RAIPUR: Even as the real causes of deaths owing to the kidney-related ailments remain unknown in Chhattisgarh village of Supebeda, about 200 km east of Raipur, the state government has decided to go for genetic test for determining what led to the serious renal illness.
Chief Minister Bhupesh Baghel has instructed the state health department to undertake genetic diagnostics of the kidney-affected persons in Supebeda of Gariyaband district.
The decision was taken following the discussions with the renowned nephrologists Dr Vijay Kher and Dr Vivekanand Jha in Raipur.
Also, a team of doctors will be sent to study similar cases existing at Srikakulam in Andhra Pradesh where chronic kidney disease have been reported.
So far, 71 people have died, according to the records available with the Supebeda gram panchayat since 2009 owing to the persisting kidney disease. Still, around 300 villagers continue to battle with the disease.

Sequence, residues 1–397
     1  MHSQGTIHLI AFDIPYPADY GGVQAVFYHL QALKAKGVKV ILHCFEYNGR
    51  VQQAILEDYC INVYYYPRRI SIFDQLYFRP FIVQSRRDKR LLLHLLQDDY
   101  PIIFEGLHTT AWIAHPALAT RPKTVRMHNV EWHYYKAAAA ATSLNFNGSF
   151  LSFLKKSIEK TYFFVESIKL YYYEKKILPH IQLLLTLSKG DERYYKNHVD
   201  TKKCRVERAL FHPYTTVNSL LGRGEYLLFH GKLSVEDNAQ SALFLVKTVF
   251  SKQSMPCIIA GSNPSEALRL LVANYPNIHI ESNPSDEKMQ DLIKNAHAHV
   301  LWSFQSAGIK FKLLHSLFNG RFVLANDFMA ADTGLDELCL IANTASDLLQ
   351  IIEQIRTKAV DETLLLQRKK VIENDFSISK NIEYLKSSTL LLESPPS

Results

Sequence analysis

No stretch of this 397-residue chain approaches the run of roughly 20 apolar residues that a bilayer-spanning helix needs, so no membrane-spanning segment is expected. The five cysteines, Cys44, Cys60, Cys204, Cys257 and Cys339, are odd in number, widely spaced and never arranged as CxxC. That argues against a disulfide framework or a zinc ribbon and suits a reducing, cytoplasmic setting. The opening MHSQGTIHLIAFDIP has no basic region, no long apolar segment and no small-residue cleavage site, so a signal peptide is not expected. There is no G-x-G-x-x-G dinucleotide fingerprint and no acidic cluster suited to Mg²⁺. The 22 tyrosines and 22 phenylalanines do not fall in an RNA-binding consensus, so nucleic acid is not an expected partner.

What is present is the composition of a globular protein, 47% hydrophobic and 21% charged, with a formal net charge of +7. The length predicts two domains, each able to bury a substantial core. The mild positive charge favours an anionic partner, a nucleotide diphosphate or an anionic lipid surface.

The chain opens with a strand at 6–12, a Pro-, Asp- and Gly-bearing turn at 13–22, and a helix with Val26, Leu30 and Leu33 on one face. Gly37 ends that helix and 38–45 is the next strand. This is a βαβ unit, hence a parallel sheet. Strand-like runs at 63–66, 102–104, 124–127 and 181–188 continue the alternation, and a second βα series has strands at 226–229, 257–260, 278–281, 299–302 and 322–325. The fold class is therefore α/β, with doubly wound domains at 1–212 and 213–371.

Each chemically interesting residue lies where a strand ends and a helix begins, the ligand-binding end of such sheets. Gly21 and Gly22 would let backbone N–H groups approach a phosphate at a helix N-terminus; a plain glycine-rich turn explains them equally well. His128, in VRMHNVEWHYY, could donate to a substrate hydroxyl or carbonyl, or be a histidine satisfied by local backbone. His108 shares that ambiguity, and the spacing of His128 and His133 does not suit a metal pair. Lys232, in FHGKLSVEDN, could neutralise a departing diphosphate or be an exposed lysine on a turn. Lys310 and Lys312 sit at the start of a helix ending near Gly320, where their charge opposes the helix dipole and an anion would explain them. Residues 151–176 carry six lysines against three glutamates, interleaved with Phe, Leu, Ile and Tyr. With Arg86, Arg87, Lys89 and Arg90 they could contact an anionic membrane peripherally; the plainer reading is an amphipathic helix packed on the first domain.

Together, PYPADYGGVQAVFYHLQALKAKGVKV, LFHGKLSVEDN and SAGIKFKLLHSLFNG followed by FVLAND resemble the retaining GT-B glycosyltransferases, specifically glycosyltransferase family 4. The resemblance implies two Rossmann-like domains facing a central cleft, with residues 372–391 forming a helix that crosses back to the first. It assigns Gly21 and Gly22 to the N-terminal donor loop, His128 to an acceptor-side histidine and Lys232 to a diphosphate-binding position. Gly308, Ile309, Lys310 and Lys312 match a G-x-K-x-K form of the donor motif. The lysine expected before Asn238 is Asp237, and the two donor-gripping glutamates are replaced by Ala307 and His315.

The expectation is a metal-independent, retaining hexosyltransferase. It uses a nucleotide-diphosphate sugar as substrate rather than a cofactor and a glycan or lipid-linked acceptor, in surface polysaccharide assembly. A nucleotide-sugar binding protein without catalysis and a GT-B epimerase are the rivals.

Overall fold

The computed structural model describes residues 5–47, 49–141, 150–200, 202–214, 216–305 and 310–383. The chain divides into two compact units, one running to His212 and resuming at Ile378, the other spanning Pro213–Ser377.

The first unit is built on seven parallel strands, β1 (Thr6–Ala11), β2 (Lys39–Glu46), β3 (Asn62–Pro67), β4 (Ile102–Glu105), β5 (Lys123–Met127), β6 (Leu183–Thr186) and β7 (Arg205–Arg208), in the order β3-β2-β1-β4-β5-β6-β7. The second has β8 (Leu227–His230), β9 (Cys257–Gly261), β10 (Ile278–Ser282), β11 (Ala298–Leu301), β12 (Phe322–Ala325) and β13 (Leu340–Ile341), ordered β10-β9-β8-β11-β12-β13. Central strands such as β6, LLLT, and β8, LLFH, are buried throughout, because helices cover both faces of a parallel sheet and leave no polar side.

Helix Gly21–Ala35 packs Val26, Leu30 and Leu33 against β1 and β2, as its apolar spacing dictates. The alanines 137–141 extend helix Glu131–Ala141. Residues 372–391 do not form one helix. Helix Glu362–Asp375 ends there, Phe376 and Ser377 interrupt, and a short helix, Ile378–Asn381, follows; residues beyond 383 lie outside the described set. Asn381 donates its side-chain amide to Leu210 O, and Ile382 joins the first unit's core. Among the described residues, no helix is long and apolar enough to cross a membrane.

A team from Raipur AIIMS some months ago visited the affected village and during the course of their interaction with the patients in the medical camp set up there, found the creatinine levels touching the risky point, fluorosis condition among the inhabitants besides the contaminated water with arsenic content.
“We will have to study, water resources, genetic causes, food habits, medicinal or other causes to find the exact reason leading to kidney troubles,” said the AIIMS Director Dr Nitin Nagarkar who then led a team of doctors.
The Chhattisgarh Governor Anusuiya Uikey also had direct interaction with the affected villagers at Supebeda on October 23 last year.
“The plausible reasons as the cause of death owing to kidney-related ailments could be contaminated water, spurious liquor from neighbouring Odisha or even genetic factor,” asserted the state health minister T S Singhdeo.